Reports, tracts, sermons, &c. will need to be published, respected friends of the cause, not a little depends
be proportionably augmented, or the missionary opera- - SUMIMARY.
tions of the Board be abridged. Moreover, it saves o
RETROSPECT OF THE YEAR.
THE following review of the principal intelligence received, during the past year, from the missions under the direction of the Board, was prepared for the United Monthly Concert, held in Park-street Church, Hoston, on the first Monday evening of December. At the request of several respected friends, it is inserted in the Missionary Herald, with some enlargement of matter, and a slight alteration of form.
The intelligence from BoMBAY, has never been so pleasing, and never so painful, as during the past year. The letter published in April, was a most decisive document to prove, that the mission had struck its roots deep in the native soil, and wanted only more of the warmth of Christian patronage, soon to extend its branches wide. It contained a summary and very animating view of the advances made during the ten years past. The amount was, that preparatory work had been accomplished sufficient to enable a missionary, entering the field now, to exert ten times as much influence on the native population, as he could have done ten gears ago; so that the same number of laborers might advance ten times as rapidly towards a glorious success, as they could have done only as many years since. Numerous channels of influence had been opened, and the waters of salvation had been made to flow in them. The attention of the natives had been gained, to a considerable extent;-that point, so difficult of acquisition, and yet so all important to any great and valuable results: and so much Christian knowledge had been thrown into the native mind, that impressions on the heart began to be visible, and fair was the prospect of an effusion of the Holy Spirit. Indeed, one person, as the first fruits of the harvest, had been admitted to the fellowship of the visible church. But by the time the harvest was about to wave, lo, in the mysterious providence of God, the reapers had nearly all been removed! It was just when this mission began to assume its brightest aspect, and when we were beginning to rejoice in that brightness, that a portentous cloud spread suddenly over the horizon. While the executive officers of the Board were assembled, with their brethren, in the house of prayer, at the Monthly Concert in September, they received the letters, which announced the death of Hall; and it was then and there, that the mournful fidings commenced its afflictive march through the land. Hall died not, however, till he had seen at least a hundred thousand Christian books distributed among the Mahratta people; nor till he had witnessed the New Testament translated, faithfully, from the original Greek into the vernacular tongue of 12,000,000 of people, perishing for lack of knowledge. Nor did he cease from his labors, till his powerful mind, with its customary facilities of thought and force of expression, had composed an appeal to the churches, which, spreading abroad with the tidings of his decease, sent thrilling emotions through the land, and occasioned a multitude of prayers, that God would send forth laborers into the harvest.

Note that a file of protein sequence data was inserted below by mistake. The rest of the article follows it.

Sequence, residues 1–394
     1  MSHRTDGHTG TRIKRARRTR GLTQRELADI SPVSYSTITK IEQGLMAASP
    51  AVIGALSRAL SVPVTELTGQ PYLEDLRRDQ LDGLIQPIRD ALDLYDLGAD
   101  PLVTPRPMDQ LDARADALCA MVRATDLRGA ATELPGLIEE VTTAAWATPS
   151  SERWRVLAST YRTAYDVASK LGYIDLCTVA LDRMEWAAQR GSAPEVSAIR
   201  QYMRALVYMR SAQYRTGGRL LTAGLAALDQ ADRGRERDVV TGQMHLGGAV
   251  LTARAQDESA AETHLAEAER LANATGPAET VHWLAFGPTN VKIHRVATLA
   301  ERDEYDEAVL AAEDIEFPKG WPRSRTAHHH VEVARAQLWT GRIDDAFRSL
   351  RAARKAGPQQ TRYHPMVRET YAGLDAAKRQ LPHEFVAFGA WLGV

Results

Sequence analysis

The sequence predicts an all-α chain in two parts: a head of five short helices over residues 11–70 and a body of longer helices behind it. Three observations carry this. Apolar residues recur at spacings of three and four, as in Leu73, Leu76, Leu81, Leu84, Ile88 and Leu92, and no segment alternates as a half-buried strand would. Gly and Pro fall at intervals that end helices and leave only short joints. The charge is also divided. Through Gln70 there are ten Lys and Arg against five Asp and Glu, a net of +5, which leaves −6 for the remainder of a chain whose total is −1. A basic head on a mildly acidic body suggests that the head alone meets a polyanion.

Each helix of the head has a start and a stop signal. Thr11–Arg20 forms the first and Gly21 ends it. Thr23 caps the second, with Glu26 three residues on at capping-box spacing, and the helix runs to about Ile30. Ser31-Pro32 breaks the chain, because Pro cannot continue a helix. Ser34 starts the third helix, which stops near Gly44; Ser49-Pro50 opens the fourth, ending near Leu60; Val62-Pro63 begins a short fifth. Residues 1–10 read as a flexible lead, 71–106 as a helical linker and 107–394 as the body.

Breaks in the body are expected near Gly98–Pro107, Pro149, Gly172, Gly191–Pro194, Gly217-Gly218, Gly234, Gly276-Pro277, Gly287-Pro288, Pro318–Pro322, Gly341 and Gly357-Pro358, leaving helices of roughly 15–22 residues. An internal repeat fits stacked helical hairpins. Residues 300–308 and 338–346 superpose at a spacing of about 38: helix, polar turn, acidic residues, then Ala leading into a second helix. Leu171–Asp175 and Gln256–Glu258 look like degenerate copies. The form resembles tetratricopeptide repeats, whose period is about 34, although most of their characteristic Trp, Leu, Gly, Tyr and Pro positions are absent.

And oh! who will not unite in this prayer? One more stroke, such as has thrice been felt in Bombay, in the short space of sixteen months, would silence, utterly, the voice of Christian preaching anong the numerous population of that city. The general curiosity, which, for twelve years, has been waking up, would again become the apathy of death. The schools would decline, and the scholars forget their knowledge, lose their impressions, and glide away in the current of superstition, until, borne beyond the possibility of recovery, they would sink to rise no more. The books, which have been translated, printed, and circulated, with so much labor, and pains, and cost of health and talent and life, for want of the living voice to call attention to them, and impress a sense of their value, would be neglected and lost and destroyed. Congregations would cease to convene for religious worship; and the native, wondering what had become of the holy influence, that met him in the streets, and bazars, and temples, and fields, and every where, would pursue his idolatry as aforetime, before the light of heaven broke in upon his darkness. Already, may we suppose, has the current begun to set backwards; and every month, and every day, it gains strength!”
The fact of principal interest, in regard to the Ceylon mission, which has been communicated the past year, is, that the mission church now contains not less than ninety native members;–many possessing fine minds; several considerably advanced in learning; some useful preachers of the Gospel to their countrymen; and all hopefully pious, and, amid temptations such as we by experience know nothing of, adorning their profession by a Christian life.—We have been informed, also, that the prospect, at first dark and forbiding, has become hopeful, of raising the females of Ceylon from their deep degradation to their proper standing in society.—Happy, moreover, have we been to hear, that minds, which, only a few years since, valued caste at so high a rate, and knowledge at so low, that money would hardly induce them to forego the one for the sake of the other, now cheerfully disregard caste, and earnestly petition for the pleasures of enlightened thought.